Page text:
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the hospital

A major challenge for society

Fast-moving demographics (longer life expectancy) and sociological changes (urbanization and more sedentary lifestyles) are requiring hospitals to engage in an ongoing process of transformation and adaptation to address new healthcare needs and the emergence of new methods and technologies.

The French definition of a hospital translates as "a public or private institution for the admission of all patients for treatment"1. It is rapidly evolving towards being: a modern complex in which seriously ill patients are treated at high speed with highly technical equipment and by skilled specialist staff2.

New healthcare needs

Healthcare is a major social challenge for most countries in the world. Successfully delivering and funding continuous safe, high-quality care requires hospitals to address three new realities:

  • Ever-increasing expectations of performance and quality: the continual quest for efficiency is intended to improve care quality by simultaneously reducing risks and costs3. Now better-informed patients are demanding more and more in terms of the information and care they receive.
More than 1.4 million people around the world suffer as a result of infectious complications contracted in hospital
  • Population aging and the rise in chronic diseases5: the aging demographic brings with it a relentlessly increasing number of people with multiple conditions, some of them chronic, which inevitably add to the amount and cost of treatment they require. This new population of elderly patients increases the emergence rate of acute illness and surgical risk, making the process of caring for these patients more complex at every stage of their hospital stay.
  • Combating nosocomial infections and multi-resistant bacteria: more than 1.4 million people around the world suffer as a result of infectious complications contracted in hospital3. Combating nosocomial infections is now a significant public health challenge and a priority target for hospitals. It requires the introduction of preventive hygiene procedures that everyone complies with.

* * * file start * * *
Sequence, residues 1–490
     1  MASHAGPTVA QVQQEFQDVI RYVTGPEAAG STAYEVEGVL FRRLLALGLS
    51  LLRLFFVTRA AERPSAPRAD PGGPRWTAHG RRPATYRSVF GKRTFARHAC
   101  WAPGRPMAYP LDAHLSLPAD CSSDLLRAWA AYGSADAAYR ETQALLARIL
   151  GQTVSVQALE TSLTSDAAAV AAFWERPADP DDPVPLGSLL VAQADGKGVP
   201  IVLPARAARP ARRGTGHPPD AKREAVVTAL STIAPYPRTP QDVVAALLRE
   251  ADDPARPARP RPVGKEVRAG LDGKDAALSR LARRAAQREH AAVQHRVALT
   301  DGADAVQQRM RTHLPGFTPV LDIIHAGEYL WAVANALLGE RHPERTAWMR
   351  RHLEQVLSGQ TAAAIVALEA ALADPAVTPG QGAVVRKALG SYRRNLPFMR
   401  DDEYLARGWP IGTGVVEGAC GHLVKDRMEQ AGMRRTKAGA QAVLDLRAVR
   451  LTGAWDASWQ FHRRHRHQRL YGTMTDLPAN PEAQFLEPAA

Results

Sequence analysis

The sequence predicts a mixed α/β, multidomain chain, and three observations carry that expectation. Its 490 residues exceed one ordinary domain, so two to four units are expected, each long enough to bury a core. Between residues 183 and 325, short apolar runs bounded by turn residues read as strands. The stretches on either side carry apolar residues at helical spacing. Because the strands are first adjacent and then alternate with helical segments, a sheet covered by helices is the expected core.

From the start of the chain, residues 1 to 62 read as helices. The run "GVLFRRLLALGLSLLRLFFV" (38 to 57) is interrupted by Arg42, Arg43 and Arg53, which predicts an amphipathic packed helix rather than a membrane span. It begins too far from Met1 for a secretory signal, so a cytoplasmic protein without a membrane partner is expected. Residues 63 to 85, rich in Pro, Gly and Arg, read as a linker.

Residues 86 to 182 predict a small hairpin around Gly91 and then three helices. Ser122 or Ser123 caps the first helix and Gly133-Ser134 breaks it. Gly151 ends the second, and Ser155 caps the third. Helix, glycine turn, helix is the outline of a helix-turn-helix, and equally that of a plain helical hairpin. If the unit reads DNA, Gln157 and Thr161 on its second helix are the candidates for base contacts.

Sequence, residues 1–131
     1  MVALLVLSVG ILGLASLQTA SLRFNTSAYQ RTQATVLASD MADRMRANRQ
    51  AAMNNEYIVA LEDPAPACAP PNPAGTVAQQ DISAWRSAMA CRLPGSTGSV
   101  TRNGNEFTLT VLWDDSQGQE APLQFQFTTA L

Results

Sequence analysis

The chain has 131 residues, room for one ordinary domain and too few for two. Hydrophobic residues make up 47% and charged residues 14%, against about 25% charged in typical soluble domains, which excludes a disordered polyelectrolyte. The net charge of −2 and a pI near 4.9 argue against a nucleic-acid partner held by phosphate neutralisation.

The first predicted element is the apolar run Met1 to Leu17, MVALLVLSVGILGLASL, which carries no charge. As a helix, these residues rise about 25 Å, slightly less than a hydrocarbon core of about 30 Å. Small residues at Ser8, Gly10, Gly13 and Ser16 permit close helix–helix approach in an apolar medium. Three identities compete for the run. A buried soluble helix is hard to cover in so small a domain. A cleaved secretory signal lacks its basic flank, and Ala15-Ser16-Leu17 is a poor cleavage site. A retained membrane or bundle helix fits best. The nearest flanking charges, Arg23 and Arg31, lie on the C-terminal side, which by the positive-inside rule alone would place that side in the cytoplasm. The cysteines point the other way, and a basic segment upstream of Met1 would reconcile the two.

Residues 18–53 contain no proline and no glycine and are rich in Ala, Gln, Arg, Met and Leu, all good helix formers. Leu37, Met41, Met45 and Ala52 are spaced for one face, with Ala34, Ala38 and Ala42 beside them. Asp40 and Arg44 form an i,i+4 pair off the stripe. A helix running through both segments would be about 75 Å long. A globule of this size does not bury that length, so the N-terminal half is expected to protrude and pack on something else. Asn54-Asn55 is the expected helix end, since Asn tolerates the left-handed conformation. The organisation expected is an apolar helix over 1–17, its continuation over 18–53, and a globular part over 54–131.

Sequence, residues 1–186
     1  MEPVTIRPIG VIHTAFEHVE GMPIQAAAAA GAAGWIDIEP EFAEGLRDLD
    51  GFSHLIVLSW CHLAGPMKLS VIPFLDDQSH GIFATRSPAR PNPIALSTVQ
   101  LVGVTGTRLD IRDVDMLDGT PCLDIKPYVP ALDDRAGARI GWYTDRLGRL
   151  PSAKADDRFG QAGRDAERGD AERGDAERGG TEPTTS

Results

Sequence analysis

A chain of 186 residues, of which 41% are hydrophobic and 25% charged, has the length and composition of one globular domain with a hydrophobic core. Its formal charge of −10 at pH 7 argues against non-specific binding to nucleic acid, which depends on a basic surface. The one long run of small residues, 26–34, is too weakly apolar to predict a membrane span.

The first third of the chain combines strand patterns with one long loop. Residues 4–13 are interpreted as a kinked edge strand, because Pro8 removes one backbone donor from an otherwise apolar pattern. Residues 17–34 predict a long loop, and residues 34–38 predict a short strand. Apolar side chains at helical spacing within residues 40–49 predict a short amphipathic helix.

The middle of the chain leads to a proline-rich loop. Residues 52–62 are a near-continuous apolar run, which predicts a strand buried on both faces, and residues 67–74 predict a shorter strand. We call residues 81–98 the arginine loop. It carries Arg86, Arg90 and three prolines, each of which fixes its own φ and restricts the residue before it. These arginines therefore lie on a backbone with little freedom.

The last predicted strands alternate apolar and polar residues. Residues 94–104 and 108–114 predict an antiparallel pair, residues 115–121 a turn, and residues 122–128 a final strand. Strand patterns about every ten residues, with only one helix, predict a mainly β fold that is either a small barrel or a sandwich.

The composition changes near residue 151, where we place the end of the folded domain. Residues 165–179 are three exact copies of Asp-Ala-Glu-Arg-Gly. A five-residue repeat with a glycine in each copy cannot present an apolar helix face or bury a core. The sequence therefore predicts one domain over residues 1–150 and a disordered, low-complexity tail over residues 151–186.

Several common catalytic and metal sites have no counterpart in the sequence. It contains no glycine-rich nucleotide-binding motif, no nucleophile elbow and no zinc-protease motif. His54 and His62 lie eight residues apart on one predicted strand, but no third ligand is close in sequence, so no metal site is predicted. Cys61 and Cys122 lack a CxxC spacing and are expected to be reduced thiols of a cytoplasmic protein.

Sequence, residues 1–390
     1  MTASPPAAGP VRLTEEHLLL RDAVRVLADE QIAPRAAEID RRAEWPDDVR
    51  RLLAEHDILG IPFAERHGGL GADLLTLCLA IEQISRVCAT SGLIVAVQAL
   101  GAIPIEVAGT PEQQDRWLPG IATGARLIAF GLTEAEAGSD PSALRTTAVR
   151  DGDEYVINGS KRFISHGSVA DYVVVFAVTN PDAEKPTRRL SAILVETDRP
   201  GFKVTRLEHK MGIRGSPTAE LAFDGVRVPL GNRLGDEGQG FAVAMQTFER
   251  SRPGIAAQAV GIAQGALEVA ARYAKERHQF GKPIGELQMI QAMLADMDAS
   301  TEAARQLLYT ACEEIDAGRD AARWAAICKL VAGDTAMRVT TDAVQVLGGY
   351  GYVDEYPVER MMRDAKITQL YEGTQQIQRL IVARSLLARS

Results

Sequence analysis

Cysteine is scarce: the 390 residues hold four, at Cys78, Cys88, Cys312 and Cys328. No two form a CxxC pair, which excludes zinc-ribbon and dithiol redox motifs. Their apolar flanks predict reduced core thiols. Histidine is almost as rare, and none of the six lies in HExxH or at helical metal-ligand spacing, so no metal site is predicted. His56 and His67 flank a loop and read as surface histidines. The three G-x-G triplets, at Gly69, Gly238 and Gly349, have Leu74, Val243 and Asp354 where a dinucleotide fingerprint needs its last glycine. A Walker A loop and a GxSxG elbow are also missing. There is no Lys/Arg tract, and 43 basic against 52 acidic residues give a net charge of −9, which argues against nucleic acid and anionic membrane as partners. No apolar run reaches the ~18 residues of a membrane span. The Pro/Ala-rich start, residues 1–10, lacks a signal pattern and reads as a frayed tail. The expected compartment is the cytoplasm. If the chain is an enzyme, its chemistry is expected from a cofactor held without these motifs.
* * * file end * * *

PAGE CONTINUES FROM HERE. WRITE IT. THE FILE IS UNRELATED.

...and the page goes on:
New patient-centric technologies enable the delivery of tailormade, efficient, effective and affordable care.

New medical concepts with hospital applications

We are now seeing the development of '4Ps' healthcare4-5. This structured approach enables the delivery of personalized care using targeted therapies specific to an individually identified patient.

  • Personalized medicine offers therapies based on an individual patient's genetic profile, medical history and environmental factors
  • Predictive medicine evaluates the likelihood of each patient developing certain diseases at various points in the future
  • Preventive medicine evolves towards methods and treatments that reduce the risk of individual patients developing certain diseases
  • Participatory medicine puts patients in the position of taking informed decisions and accepting responsibility for their own health management

New technologies for personalized medicine4-5

The mapping of the human genome, genetic data management, non-invasive and computer-aided diagnosis and therapy, smart systems that provide remote patient care, etc. Most frequently developed and based in hospitals, these patient-centric technologies enable the delivery of tailormade, efficient, effective and affordable care.

The evolving status and role of hospitals in the healthcare system

The hospital is one part of an overall patient care network. As a center delivering efficient short-term therapy, the hospital is a crucial stage on the patient healthcare pathway. It works in partnership with healthcare services to achieve shared diagnostic, re-education or rehabilitation goals.

As an essential part of a new healthcare ecosystem, the hospital is focused on the long-term future of the patient.

As a short-term stage on the patient healthcare pathway, the hospital develops the practice of transferring certain skills, and has a role to play in implementing some types of home care. Organized when the patient leaves hospital, these types of home care reduce the cost of care provision, at the same time as improving patient quality of life.

Educating patients about their therapy

Hospitals are now reorganizing themselves to put patients back at the heart of the care system. This proactive approach requires professionals to work closely together in order to structure medical services and partnerships based on respect for the wishes of the patient and his/her family.

This new vision of patient care also includes educating patients about their therapy and encouraging them to accept responsibility for managing their own illnesses.

As an important contributor to hospital care provision, Air Liquide Healthcare provides products and services to more than 7,500 hospitals and clinics worldwide.

Our technical expertise and our commitment to comply with the most stringent quality and safety standards allow us to support healthcare professionals at every stage of the care pathway – whether in hospitals or at home – in ways that help them improve the quality of life enjoyed by their patients.


  1. Dictionnaire Larousse. Hôpital. Available at:ôpital/40365, consulted 10/12/2014.
  2. McKee M and Healy J. The role of the hospital in a changing environment. Bulletin of the World Health Organization 2000 ;78(6) : 803-810.
  3. Ducel G, Fabry J et Nicolle L. Prevention of hospital-acquired infections. Switzerland: a practical guide. 2nd edition, 2002.
  4. PWC and HOPE, European Hospital and Healthcare Federation. Personalised Medicine in European Hospitals. Available at:, consulted 20/01/2015.
  5. Quebec Network for Personalized Health Care (QNPHC). Sommet sur les soins de santé personnalisés, juin 2014. Available at:, consulted 20/01/2015.